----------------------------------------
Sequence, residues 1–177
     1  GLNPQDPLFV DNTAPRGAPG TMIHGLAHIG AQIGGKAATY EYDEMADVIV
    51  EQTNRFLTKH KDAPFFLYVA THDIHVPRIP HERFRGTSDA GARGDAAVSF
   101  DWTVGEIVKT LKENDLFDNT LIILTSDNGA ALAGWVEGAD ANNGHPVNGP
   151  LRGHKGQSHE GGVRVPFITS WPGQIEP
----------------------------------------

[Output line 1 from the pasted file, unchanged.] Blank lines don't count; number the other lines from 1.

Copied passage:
Sequence, residues 1–177